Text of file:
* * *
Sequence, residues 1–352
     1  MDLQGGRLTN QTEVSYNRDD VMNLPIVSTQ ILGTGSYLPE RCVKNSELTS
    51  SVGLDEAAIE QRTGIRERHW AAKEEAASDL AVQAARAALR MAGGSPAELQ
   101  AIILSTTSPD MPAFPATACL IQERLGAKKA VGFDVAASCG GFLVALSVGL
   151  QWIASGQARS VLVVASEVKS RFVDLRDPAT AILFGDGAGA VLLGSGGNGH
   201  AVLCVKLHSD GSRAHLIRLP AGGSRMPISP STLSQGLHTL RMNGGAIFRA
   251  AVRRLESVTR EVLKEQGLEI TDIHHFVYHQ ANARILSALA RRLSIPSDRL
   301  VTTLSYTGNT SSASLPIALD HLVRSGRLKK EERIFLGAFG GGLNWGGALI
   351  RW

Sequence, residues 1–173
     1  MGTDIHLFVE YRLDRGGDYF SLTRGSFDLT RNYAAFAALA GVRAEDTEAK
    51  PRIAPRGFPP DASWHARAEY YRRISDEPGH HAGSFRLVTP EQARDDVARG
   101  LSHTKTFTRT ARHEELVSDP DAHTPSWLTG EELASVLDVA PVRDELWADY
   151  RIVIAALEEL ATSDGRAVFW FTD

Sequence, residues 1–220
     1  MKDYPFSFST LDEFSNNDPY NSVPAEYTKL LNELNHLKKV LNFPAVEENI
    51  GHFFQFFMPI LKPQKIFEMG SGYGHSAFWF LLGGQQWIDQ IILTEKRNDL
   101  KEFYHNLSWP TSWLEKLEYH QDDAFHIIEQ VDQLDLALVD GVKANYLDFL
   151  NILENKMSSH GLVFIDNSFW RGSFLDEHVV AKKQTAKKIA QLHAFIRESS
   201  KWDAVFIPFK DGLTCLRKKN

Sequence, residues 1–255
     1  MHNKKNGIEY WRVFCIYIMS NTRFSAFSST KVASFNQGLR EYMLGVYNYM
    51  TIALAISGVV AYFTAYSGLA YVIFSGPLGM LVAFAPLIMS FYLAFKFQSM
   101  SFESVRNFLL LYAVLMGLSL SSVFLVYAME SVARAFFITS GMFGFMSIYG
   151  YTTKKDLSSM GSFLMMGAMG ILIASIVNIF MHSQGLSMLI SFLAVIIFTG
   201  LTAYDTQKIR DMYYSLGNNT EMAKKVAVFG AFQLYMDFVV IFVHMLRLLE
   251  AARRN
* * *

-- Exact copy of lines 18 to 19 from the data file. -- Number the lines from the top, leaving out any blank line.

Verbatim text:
   101  KEFYHNLSWP TSWLEKLEYH QDDAFHIIEQ VDQLDLALVD GVKANYLDFL
   151  NILENKMSSH GLVFIDNSFW RGSFLDEHVV AKKQTAKKIA QLHAFIRESS